Writings (Penguin Books). With an introduction by Ted Koppel,
this volume is a collection of articles and columns written by Michael
Kelly, an editor at the Atlantic Monthly and columnist for the Washington
Post, who was killed while covering the war in Iraq.
J. Marshall Unger, AB’69, AM’71,
Ideogram: Chinese Characters and the Myth of Disembodied Meaning
(University of Hawaii Press). Refuting the notion that Chinese characters
are ideograms—non-linguistic signifiers—or logograms—symbols
representing whole words, Unger formulates an approach to linguistics
contrary to the mind-as-computer metaphor that has dominated the
field since the 1960s.
Craig B. Leman, AB’46, A Write
of Strings (Chamber Music Corvallis). For three decades Leman
has written the performance notes for concerts at Chamber Music
Corvallis, covering virtually every important chamber music composer.
This book is a selection of his highlights.
James E. Block, PhD’98, A
Nation of Agents: The American Path to a Modern Self and Society
(Harvard University Press). Reinterpreting American political culture
in the context of Protestant and liberal traditions of agency, Block
theorizes a complex relation of self to society at the core of the
Raymond Tatalovich, AM’68,
PhD’71, and Thomas S. Engeman, The Presidential
Policy Scene: Two Hundred Years of Constitutional Debate (Johns
Hopkins University Press). This book surveys the history of presidential
scholarship from the drafting of the Constitution to the late 20th
century. Drawing on the writings of more than 60 thinkers, the authors
work towards a theory of presidential power.
Psychiatry and Psychology
Paddy Greenwall Lewis, PhD’74,
and Jessica G. Lippman, Helping Children Cope with the Death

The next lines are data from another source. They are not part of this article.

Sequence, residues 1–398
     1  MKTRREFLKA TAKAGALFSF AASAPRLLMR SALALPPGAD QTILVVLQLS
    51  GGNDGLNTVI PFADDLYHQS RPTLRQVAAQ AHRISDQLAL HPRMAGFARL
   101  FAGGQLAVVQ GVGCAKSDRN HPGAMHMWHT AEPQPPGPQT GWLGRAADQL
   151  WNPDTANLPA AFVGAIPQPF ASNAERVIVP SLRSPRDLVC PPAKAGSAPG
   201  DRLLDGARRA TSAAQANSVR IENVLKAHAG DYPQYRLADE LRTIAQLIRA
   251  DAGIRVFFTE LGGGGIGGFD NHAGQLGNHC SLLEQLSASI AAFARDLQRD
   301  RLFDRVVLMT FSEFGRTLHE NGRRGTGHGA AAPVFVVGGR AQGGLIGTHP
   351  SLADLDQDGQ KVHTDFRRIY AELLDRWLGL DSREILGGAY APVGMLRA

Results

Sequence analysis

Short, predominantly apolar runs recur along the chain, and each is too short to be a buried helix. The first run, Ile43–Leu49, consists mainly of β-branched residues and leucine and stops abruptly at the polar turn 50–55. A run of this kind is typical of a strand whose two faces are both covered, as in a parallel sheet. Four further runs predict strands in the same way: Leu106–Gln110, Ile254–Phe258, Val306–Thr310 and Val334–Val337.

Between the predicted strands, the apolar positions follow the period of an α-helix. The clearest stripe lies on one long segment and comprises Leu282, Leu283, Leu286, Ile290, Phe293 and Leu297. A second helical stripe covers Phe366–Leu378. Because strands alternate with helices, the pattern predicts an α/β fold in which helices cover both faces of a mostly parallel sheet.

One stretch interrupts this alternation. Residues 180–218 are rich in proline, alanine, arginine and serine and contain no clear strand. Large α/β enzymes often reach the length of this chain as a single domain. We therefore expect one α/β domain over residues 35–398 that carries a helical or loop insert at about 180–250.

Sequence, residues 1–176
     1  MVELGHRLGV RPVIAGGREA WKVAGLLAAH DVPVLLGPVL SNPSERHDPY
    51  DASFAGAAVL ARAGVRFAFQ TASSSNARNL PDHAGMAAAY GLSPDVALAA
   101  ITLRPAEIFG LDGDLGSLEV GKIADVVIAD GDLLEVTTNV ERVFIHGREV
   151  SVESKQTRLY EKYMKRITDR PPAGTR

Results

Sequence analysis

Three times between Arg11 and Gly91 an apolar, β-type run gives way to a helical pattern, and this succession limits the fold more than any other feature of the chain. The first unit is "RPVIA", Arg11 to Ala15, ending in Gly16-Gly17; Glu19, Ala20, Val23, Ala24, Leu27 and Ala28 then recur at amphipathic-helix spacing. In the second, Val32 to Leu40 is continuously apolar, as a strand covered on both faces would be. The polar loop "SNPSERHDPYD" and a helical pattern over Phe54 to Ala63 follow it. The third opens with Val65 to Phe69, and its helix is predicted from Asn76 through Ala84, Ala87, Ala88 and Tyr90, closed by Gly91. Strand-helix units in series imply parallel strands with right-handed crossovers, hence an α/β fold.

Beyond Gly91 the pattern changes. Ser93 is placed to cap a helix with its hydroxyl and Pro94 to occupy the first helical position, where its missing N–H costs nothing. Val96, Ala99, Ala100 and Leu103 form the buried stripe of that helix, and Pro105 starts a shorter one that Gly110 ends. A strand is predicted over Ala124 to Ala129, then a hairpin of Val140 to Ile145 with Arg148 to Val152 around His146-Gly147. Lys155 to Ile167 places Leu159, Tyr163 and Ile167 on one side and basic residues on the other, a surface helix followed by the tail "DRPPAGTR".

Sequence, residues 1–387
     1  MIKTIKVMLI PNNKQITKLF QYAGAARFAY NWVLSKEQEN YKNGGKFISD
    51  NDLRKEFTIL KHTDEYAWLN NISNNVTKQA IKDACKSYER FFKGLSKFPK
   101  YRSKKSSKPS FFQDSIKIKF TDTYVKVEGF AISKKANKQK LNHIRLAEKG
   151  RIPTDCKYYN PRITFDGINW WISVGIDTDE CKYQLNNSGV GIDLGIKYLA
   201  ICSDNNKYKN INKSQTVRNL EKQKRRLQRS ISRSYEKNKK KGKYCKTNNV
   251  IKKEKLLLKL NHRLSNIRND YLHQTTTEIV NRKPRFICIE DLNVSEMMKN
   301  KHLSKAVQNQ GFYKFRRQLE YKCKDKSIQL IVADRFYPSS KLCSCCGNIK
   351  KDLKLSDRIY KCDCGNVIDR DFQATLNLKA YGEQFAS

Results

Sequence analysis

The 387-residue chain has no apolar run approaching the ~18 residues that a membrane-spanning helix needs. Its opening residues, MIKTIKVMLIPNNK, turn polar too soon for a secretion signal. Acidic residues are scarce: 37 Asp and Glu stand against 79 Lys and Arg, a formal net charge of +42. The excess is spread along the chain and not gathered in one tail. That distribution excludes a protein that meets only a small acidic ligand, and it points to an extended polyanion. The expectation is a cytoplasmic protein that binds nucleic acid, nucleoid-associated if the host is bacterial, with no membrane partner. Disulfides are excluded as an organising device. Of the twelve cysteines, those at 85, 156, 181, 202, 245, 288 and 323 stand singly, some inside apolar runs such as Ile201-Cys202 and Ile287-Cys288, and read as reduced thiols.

of a Parent: A Guide for the First Year (Greenwood Publishing
Group). Designed to help families and community members anticipate
situations that will be painful for bereaved children, this guide
also includes vignettes from therapists’ encounters with kids.
Carol Maxym and Leslie B.
York, AM’94, Teens in Turmoil: A Path to Change
for Parents, Adolescents, and their Families (Viking/Penguin).
This guidebook for parents of out-of-control teens helps them gain
insight into themselves in order to better understand and become
a catalyst of change for their teenager.
Religion & Philosophy
George Anastaplo, AB’48, JD’51,
PhD’64, and Laurence Berns, AB’50,
PhD’57, Plato’s Meno (Focus Publishing).
This new translation of Plato’s seminal dialogue includes
extensive annotations by Anastaplo and Berns on textual details
and on the larger philosophical issues raised in the work.
Randall C. Bailey, AM’72,
editor, Yet With a Steady Beat: Contemporary U.S. Afrocentric
Biblical Interpretation (Society of Biblical Literature). The
essayists employ new literary, historical, and sociological tools
for Bible criticism to explore issues of concern to the black religious